Make a Trailer Moment

If you watch trailers for different movies, you’ll notice that they show the best, most exciting parts of the movie. That means if the movie is awful, the trailer showed you all the good parts already. If the movie is good, then the trailer will have provided just a hint of what the rest of the movie can offer.

When writing your screenplay, strive to make every scene worthy of appearing in your movie’s trailer. That means making your dialogue clever, unpredictable, and informative.

What novices often do is write most scenes as “filler,” which simply serves the function of moving the plot along. Then they write a smattering of interesting scenes so the whole screenplay winds up being mostly dull, mediocre filler scenes with a sprinkling of interesting major scenes. The result is a good idea poorly executed, which means it will likely never be produced.

On the other hand if you strive to make every scene interesting and worthy of appearing in a trailer, now you’ve suddenly made every second of your story interesting, compelling, and fascinating. String these interesting scenes with your big action scenes and you’ll wind up creating an overall great story.

Scenes aren’t just meant to advance the plot but to entertain the audience at the same time. Every scene should start off with a challenge of some kind that immediately grabs our attention. Then the second part of a scene should have characters pursuing a goal. Along the way towards pursuing this goal, the characters need to get closer to achieving their goal, but suddenly obstacles get in the way and threaten to derail the character’s goal.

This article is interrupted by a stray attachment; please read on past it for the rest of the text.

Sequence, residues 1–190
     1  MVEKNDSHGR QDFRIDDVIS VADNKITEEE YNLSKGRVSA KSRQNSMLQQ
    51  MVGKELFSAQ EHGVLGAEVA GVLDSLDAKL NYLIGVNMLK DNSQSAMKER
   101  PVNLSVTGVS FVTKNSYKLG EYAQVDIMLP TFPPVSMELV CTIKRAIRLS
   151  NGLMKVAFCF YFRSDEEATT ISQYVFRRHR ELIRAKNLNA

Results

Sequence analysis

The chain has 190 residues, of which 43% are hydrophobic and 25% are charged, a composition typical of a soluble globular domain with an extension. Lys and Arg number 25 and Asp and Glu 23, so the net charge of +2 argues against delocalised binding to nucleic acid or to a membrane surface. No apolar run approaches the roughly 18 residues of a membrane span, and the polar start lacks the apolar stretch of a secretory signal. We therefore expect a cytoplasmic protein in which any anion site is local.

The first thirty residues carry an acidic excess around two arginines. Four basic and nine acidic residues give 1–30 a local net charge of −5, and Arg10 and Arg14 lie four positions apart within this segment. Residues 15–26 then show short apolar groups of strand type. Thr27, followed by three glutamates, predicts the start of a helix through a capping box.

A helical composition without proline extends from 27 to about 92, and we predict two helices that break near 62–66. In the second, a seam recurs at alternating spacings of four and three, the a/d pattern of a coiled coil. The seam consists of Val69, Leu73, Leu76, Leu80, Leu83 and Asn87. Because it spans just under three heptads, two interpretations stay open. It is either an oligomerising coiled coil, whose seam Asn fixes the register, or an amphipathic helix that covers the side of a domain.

Often times a scene also plants the seeds of a future scene, or pays off the set up from an earlier scene. This helps keep all action unified and focused. Finally, the scene ends with a cliffhanger that makes us want to know what happens next.

If your scene lacks one of the following, chances are good it’s dragging your screenplay down. Some elements that every scene should include are:

  • Start with an initial problem
  • Show a character pursuing a goal to this problem
  • Show obstacles keeping this character from achieving the goal
  • Plant seeds for a future scene or pay off a set up from an earlier scene
  • End with a cliffhanger that resolves the problem one way or another

The more exciting you make each scene, the more exciting you’ll make your entire screenplay. A screenplay is only as strong as its weakest scene, so if you allow too many dull scenes to creep into your script, you’ll wind up creating a mediocre, dull screenplay.

Think of every scene as a miniature movie. If people only saw a single scene of your screenplay, how would you make it as interesting and compelling as possible? Once you know how to do this for one scene, you’ll know how to do this for every scene, and that collection of strong scenes linked together will help make your overall screenplay much stronger and attractive to Hollywood.

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